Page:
ru2bz46's avatar

It means “miserly”, or “cheap”. It in no way shares etymology with ni____, which is derived from the word for “black”

MindErrantry's avatar

I think the word “niggardly” is a very interesting instance—because even though anyone who connects it with anything racist is technically wrong, it’s beginning to get a weird sort of link just from the similiarities in sound. Now, even if picnic did have a racially-derived etymology, the fact that no one (or, apparently, almost no one) ever thinks of any connotations for it indicates that it would be a perfectly acceptable word for normal use (as it usually is). I guess the point at issue which I see here is how much are we allowed to correct people for words which seem to be drawing on racist ideologies? If they offend people, doesn’t that make them… well, offensive? Obviously a controversial issue, as with the teacher @ru2bz46 mentioned. I would maybe prefer that people go look up etymologies before making decisions, of course—learning for all! And ‘niggardly’ is, in my estimate, a very neat word (not that I use it much, but I do know it). Returning to the word ‘picnic’, I guess my answer would have to be that since it doesn’t offend most people who could be offended by it- this being the first instance I’ve ever heard of- the people who protested should definitely turn to a dictionary.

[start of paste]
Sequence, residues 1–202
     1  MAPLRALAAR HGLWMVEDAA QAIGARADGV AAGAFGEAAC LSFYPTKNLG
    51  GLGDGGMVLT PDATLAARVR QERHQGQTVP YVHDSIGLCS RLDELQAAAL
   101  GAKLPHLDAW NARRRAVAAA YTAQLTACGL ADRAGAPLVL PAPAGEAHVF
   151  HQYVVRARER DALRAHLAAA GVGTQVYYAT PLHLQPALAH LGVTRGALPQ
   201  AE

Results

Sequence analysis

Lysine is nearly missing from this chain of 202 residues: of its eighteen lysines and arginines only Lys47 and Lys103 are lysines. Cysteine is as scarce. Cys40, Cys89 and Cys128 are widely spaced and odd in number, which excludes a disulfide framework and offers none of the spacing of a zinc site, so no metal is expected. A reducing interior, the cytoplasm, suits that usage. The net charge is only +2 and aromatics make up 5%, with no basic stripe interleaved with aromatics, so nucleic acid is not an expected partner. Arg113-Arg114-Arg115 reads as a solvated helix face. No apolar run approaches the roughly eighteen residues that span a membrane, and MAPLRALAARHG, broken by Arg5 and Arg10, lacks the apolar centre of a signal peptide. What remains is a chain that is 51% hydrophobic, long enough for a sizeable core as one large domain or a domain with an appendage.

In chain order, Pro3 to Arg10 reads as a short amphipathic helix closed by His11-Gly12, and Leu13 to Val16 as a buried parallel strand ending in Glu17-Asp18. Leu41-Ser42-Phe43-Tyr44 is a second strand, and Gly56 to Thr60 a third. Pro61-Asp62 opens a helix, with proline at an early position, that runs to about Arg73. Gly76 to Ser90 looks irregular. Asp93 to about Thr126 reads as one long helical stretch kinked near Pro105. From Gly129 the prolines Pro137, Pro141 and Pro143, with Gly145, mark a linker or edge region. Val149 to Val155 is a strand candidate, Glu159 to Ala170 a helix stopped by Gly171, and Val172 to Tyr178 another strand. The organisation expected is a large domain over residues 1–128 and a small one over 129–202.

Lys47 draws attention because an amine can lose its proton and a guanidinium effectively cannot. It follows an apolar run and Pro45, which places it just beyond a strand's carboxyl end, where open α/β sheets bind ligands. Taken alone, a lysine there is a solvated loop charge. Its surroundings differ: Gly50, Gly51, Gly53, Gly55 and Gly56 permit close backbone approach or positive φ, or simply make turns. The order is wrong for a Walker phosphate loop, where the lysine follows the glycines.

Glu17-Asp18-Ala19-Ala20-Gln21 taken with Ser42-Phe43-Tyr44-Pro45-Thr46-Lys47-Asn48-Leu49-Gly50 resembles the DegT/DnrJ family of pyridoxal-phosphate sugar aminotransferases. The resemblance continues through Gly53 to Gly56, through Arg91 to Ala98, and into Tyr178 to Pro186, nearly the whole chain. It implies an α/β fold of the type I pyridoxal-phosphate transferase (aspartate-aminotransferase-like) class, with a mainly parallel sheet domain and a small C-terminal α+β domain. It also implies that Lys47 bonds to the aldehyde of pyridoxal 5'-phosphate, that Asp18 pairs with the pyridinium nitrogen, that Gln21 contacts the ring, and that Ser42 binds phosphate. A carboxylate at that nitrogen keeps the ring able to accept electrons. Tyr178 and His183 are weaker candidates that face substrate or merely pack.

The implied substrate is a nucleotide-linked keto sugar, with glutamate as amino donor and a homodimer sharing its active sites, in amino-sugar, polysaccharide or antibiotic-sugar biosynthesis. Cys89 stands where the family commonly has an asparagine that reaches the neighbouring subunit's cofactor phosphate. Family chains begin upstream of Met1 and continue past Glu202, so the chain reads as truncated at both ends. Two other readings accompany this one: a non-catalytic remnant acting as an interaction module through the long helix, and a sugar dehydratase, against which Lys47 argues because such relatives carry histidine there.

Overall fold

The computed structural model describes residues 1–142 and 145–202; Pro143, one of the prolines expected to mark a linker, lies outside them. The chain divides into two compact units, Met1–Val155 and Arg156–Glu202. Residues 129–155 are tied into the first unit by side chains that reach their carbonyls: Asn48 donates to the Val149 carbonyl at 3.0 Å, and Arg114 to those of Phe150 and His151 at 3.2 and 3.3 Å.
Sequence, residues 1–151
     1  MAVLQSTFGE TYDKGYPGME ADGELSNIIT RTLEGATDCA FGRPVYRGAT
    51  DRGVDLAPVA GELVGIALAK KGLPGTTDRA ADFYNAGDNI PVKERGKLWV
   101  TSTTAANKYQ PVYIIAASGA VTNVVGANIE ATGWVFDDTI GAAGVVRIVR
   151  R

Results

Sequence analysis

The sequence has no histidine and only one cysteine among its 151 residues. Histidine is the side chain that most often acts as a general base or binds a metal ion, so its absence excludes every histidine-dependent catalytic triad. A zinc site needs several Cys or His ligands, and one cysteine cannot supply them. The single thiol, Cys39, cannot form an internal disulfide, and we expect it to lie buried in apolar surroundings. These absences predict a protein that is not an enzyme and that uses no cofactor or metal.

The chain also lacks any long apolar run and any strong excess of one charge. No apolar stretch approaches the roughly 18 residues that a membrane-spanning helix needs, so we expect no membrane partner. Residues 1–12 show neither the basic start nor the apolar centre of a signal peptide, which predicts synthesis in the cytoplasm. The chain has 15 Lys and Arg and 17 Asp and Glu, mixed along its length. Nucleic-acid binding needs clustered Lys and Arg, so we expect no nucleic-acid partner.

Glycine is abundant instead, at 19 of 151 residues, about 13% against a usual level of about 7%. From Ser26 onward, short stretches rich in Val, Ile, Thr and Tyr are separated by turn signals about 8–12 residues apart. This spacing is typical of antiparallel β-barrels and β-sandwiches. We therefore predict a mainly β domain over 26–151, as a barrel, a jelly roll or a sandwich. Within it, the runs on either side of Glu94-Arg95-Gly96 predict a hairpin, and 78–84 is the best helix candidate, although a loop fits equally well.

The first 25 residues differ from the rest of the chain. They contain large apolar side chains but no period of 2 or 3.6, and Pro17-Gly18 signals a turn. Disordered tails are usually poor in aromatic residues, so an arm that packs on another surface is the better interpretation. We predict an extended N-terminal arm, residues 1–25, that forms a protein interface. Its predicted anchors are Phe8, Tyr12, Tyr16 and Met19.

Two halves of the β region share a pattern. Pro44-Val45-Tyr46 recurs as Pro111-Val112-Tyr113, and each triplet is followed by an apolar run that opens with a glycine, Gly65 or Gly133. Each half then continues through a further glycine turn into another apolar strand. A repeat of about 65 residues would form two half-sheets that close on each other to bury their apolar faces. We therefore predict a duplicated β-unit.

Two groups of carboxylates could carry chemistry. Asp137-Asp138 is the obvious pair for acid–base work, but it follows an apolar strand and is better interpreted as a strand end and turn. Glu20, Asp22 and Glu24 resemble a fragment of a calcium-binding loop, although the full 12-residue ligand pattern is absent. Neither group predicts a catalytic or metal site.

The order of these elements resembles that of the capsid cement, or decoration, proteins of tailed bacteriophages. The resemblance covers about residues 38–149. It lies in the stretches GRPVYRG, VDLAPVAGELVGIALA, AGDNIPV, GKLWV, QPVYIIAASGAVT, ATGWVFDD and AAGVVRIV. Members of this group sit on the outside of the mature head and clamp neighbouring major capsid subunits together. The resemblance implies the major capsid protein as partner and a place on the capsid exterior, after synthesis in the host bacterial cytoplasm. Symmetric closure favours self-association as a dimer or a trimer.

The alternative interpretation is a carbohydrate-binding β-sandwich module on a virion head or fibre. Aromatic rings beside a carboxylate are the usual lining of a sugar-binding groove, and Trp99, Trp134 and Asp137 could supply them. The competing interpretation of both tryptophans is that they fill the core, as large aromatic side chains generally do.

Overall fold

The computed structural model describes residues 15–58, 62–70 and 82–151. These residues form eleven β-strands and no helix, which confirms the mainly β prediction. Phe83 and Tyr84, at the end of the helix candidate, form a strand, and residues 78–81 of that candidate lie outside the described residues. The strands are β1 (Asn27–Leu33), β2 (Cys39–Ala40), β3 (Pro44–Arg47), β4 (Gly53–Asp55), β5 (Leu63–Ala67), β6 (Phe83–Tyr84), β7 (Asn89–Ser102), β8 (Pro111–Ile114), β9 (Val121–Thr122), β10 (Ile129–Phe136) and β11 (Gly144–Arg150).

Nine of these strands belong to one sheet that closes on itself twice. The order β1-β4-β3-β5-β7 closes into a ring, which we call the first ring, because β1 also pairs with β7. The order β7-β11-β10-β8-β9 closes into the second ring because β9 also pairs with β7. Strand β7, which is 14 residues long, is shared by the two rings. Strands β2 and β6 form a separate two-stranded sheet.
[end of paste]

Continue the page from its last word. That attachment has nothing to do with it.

I don’t know why I felt compelled to say all this. Just a PC issue which maybe ought to be dealt with somewhere. I dunno. Thank you for your indulgence

RedPowerLady's avatar

@ru2bz46 Thanx. That is interesting, I’ve never heard the word before.

Blindian's avatar

We must not succumb to historical narcissism, the belief that your limited version of history, is universally known, and correct. That which is considered to be shameful will be hidden from general use, often in plain sight. Terms like Scot Free, (To murder a Scot’s person thus freeing them), Dutch Courage (To be drunk), Indian Giving (To grant and take away something of value from one of the Original People,) Highland Clearances (Ethnic Cleansing of the Irish and Scots people by the English)
The context that the children were using the word as “politically incorrect” was an uglier usage than you are willing to admit, to be sure in the tradition of Scot free, and the Highland Clearances.
The word picnic like many words borrowed from other languages and brought into English, may have different meanings to different people. The children in the original story were probably told the same cautionary tale, many African-American children were told. Particularly if they were raised by people who were subject to what can only be called Christian terrorism, also known as the Ku Klux Klan. The Klan often hid in plain sight, was composed of prominent wealthy well educated citizens and law enforcement, thus enjoyed immunity from prosecution for their crimes, which continue into the present day. Picnic in this context is a code word for lynching. as in Pick a Nig, to lynch.